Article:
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Thursday April 11th, 1912 1:50pm

The Veranda cafe and Palm court was located on the aft end of A Deck. This room was divided into 2 separate rooms on A Deck, located on both sides of the 2nd-class staircase and directly aft of the First Class Smoking Room. Reminiscent of an outdoor sidewalk café, its rooms were brightly lit by large windows and double sliding doors that opened onto the aft end of the First-Class Promenade Deck. The café was elegantly furnished with wicker tables and chairs, spread out across a checkerboard tiled floor in black and beige. Various outdoor plants filled the rooms, including potted Kentia palms and ivy-covered trellises. It offered commanding views of the ocean but was fully enclosed so that it could be enjoyed in all types of weather, unlike the open-air cafés on the Lusitania and Mauretania. First-class passengers could enjoy a selection of refreshments in the café.

The rooms were light and airy, with beautiful trellised decor and had wicker cane furniture, and large floor to ceiling windows looking out to sea. The rooms shared a pantry with the smoking room forward allowing for light refreshments. Both rooms had sliding doors leading onto the aft promenade, and the doors had the same "Edwardian Manor" design as the windows.

The Verandah Café had both smoking and non-smoking sections. The smoking section, located on the port side, was accessible from the first-class smoking room. The non-smoking section, located on the starboard side, was closed to traffic from the smoking room and on occasion used as a play area by mothers and children. To note, no such official area existed on board. Contrary to the Titanic's, the Olympic's non-smoking section was frequently deserted.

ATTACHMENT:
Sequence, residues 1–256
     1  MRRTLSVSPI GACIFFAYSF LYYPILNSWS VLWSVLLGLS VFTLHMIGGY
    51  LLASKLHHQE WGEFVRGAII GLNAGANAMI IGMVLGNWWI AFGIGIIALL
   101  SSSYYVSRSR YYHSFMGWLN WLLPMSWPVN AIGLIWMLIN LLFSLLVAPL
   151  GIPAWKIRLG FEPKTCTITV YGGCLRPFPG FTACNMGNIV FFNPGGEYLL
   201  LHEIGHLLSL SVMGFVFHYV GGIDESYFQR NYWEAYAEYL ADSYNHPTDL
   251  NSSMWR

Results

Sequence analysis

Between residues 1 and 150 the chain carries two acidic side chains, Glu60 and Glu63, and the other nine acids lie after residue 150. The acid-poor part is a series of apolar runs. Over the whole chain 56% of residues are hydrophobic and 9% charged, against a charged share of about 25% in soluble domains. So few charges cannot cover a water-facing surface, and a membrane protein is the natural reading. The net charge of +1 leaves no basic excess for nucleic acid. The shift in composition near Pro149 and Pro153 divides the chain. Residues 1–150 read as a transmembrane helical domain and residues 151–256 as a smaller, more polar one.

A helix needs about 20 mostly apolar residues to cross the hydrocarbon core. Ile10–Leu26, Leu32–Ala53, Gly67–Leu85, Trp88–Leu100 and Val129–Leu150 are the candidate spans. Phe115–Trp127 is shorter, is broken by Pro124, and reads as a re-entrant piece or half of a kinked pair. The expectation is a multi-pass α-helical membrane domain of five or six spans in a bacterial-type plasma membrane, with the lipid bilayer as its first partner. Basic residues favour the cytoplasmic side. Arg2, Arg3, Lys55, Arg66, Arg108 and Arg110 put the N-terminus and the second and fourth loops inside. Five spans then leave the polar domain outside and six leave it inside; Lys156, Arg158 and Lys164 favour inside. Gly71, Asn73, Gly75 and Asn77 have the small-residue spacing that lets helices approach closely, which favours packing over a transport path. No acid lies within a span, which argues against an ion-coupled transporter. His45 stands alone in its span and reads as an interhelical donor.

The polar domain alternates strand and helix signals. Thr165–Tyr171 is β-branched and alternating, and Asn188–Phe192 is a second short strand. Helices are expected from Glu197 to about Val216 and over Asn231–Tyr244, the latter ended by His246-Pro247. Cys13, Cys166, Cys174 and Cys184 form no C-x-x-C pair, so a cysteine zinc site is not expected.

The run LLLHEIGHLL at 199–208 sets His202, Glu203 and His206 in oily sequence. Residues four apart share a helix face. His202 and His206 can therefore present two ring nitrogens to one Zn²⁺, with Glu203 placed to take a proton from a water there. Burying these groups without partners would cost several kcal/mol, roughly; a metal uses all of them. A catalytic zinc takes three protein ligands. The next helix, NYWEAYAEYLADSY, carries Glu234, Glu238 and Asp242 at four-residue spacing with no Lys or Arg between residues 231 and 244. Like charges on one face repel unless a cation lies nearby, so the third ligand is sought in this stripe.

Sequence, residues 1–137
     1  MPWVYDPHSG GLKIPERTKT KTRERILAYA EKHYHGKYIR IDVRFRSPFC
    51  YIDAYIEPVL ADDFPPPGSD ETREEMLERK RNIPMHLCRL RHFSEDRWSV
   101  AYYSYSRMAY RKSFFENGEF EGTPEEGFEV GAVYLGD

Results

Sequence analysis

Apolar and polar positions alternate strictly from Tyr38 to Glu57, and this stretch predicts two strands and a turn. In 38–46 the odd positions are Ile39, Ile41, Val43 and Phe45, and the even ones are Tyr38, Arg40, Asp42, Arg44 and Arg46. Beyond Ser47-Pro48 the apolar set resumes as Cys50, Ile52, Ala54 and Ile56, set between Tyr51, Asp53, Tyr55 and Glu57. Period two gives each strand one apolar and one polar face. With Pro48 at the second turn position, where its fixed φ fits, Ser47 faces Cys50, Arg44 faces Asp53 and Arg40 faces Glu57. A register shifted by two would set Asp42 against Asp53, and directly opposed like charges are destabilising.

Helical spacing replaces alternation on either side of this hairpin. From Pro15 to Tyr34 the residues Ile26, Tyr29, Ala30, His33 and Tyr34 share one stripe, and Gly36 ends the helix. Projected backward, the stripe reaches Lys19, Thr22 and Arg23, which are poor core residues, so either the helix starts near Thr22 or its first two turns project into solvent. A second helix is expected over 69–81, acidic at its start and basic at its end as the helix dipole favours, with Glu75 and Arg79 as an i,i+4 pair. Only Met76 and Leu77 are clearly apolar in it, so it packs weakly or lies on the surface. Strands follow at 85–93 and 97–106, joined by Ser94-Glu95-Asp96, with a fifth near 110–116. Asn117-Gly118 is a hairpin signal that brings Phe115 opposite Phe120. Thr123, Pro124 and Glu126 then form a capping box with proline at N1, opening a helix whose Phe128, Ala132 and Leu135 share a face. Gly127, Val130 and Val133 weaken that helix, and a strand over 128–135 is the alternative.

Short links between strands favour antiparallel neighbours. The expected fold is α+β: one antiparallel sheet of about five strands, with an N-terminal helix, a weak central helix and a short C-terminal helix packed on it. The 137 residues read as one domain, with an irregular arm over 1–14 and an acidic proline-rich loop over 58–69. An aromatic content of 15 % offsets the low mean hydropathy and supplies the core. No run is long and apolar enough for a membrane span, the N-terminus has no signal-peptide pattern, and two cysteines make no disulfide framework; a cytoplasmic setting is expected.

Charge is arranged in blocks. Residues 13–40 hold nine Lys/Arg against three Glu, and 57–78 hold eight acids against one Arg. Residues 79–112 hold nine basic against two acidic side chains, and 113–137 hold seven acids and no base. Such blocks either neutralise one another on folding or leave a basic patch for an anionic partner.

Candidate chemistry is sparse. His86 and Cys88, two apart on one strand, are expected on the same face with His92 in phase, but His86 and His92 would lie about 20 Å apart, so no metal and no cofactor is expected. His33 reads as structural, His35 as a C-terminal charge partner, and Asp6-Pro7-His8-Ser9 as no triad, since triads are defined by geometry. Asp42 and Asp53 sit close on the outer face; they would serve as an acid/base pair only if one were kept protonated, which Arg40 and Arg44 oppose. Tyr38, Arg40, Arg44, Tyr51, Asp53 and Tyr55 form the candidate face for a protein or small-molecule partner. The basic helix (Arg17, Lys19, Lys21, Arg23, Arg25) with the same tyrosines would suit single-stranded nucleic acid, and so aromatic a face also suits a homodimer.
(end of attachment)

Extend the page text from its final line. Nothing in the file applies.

The Verandah Café was similar in style on both the Olympic and the Titanic. While there are many photos of the Olympic's café, only one photo of the Titanic's remains today. The room was in the stern and was torn apart by the severe implosions which occurred on the descent to the ocean floor; on the wreck the remnants of A-Deck have collapsed. A fragment of the decorative bronze grille from the upper part of one of the Verandah and Palm Court windows was recovered in 1994 by Premiere Exhibitions and has been displayed in its various exhibitions.

Veranda Cafe of the Britannic, as seen in The Mystery of the Britannic

On the Britannic, both of these rooms were connected to the smoke room and were pushed aft until they connected to the fan room.

Random Information[]


The Verandah & Palm Court consisted of two virtually identical rooms located at the aft end of the A Deck 1st class promenade. Designed to emulate the feeling of gazebos found on the grounds of large English country houses, the starboard Verandah & Palm Court was distinct from its port counterpart in that it was a strictly non smoking venue. Because of this, it proved fairly unpopular. It soon found another informal purpose as a nursery and playroom for young children. While not at all the intended purpose of this room, it’s service as a playroom was much appreciated since there was no such room on board.